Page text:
Banking

Associated’s spending priorities: Commercial expansion, digital upgrade

Associated Banc-Corp is expected to announce a new growth plan by mid-September that includes an investment in improving its digital banking offers.

Executives at the Green Bay, Wisconsin, company did not disclose Thursday how much they will spend on the initiative, or many other details about the plan. But by eliminating Associated’s previous expense guidance of $625 million for 2021, they signaled that the effort will cost a significant sum of money.

“We have a serviceable digital strategy today, but we’ll be looking for a lot more,” CEO Andy Harmening said Thursday during a call with investors. “We will have to spend money in digital. The exact amount of that is what we’re finalizing right now.”

“As we get into our growth initiatives and execute on those, I believe that will open up optionality for us,” Associated CEO Andy Harmening said Thursday.

Before joining Associated in April, Harmening led a technology overhaul at the $175 billion-asset Huntington Bancshares in Columbus, Ohio, which included new features to give customers more control over their spending.

Since his arrival at Associated, the $34 billion-asset company has promoted Doug Peacock from director of strategic channels to head of digital strategy.

On Thursday, Harmening said that Associated’s growth plan will also include an effort to expand small business and commercial lending into key markets like Chicago and Minneapolis. And he signaled interest in newer markets like St. Louis.

While the bank’s expenses are expected to increase from about $174 million per quarter over the back half of the year, its income before taxes and loan-loss provisions are forecast to exceed the extra spending, Harmening said.

He even hinted at interest in a future acquisition — once the upcoming growth plan is put in place, and the company has ramped up in new markets.

“As we get into our growth initiatives and execute on those, I believe that will open up optionality for us both from a market standpoint and then ultimately from a scale standpoint and potentially a second step in the merger and acquisition market,” Harmening said.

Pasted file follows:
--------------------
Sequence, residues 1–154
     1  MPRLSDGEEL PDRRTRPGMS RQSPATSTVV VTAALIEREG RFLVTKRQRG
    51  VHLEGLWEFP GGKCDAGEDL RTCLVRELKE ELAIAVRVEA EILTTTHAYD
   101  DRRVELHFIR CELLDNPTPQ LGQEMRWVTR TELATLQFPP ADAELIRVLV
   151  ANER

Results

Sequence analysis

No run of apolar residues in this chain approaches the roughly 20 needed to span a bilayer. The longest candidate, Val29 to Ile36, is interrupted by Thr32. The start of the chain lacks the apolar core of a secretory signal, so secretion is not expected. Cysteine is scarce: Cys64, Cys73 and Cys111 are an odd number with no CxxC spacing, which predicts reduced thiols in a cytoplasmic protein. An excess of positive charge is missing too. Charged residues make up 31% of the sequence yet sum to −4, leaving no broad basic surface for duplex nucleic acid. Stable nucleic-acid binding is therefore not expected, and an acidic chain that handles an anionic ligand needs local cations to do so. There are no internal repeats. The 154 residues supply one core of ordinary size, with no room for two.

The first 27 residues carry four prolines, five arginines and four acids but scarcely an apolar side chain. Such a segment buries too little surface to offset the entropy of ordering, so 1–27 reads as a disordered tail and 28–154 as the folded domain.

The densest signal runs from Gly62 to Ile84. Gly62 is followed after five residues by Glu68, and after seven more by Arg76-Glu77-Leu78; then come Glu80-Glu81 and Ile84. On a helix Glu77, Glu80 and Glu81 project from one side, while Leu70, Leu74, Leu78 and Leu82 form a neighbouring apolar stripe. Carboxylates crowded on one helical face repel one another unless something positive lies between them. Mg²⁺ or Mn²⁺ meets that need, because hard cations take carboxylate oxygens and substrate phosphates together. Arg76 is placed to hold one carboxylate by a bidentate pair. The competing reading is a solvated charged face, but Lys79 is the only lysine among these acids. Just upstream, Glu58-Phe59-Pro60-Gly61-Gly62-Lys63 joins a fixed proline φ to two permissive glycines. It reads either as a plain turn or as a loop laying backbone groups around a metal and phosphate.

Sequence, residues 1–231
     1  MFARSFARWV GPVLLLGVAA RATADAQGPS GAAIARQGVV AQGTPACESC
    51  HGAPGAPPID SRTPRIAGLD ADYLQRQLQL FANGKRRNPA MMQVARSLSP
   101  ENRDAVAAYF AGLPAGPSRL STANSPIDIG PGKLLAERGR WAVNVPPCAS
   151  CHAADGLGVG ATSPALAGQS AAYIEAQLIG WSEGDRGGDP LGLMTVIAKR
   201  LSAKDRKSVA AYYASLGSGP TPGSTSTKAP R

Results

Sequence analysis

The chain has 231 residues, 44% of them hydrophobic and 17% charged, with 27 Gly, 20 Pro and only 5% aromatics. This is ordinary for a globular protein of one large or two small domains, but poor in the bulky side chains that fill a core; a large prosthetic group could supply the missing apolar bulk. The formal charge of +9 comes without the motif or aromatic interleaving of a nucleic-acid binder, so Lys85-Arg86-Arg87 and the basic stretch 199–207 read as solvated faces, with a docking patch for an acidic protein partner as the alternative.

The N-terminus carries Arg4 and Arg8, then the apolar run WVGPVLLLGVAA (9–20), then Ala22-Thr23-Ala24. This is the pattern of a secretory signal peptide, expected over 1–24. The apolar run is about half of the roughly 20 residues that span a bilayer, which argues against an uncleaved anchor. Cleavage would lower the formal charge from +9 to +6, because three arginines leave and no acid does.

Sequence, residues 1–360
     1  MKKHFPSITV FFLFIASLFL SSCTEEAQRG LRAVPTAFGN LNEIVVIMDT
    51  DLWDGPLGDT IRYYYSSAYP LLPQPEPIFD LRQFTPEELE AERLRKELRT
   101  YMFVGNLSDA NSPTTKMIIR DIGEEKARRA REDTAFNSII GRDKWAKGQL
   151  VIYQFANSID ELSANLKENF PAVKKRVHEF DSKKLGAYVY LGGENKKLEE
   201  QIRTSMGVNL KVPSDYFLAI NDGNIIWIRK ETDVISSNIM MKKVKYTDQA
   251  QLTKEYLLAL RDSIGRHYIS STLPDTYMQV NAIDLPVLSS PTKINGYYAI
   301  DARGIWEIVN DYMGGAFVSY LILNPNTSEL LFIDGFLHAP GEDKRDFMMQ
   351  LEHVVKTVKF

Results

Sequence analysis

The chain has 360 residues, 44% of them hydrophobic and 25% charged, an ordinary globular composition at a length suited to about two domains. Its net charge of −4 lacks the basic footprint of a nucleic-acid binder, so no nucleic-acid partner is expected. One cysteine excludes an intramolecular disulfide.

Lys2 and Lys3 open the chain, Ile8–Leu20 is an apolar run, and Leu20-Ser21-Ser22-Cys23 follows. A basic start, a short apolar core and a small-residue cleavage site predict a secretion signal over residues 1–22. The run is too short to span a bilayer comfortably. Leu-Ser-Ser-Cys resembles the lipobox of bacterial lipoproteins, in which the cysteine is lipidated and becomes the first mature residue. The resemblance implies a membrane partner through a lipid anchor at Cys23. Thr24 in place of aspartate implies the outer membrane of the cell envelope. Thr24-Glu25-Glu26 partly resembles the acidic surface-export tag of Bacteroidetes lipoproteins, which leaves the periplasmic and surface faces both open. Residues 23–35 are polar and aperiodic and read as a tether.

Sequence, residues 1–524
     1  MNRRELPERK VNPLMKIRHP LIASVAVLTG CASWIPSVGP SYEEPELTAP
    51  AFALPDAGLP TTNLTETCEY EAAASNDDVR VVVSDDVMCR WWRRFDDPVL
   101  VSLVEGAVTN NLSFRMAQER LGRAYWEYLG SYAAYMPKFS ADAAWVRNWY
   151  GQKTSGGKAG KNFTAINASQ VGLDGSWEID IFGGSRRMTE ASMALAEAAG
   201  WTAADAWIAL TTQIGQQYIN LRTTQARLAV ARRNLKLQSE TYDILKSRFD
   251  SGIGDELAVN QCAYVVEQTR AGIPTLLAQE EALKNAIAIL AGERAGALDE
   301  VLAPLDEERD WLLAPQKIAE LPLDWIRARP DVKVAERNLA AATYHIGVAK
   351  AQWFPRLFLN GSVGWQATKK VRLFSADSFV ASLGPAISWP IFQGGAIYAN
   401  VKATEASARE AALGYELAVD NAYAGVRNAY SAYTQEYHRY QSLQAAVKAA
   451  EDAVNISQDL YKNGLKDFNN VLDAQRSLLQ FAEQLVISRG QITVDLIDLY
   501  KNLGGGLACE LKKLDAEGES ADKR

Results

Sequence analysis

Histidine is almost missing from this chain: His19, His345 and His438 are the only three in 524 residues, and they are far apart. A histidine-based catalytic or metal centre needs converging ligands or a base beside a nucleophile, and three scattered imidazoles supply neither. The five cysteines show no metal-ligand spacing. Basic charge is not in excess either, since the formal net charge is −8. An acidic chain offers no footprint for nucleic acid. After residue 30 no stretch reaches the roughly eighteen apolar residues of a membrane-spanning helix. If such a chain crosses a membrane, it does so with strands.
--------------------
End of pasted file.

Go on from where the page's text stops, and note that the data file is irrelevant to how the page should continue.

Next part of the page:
Associated reported net income available to common equity of $86.1 million in the second quarter, down 40% year-over-year.

As at many other banks, net interest income fell due to low borrowing rates, dipping 5% from last year. Noninterest income was 71% lower as the company lost the revenue from its former insurance and consulting business, which it sold in June 2020, and because mortgage fees declined as refinancing slowed.

The company expects noninterest income to be between $315 million and $325 million for the year, which would be down from $514 million in 2020.

Excluding the revenues from the unit Associated sold, noninterest income was up by $68 million. Bank executives pointed to wealth management and deposit fees as the main drivers of noninterest income growth in the second half of the year.

Associated forecasts loan growth from commercial real estate and commercial and industrial lending to be between 2% and 4% in 2021, excluding Paycheck Protection Program activity.

To support their optimism, executives pointed to a 2.8% increase in commercial lending between the first three months of this year and the most recent quarter.



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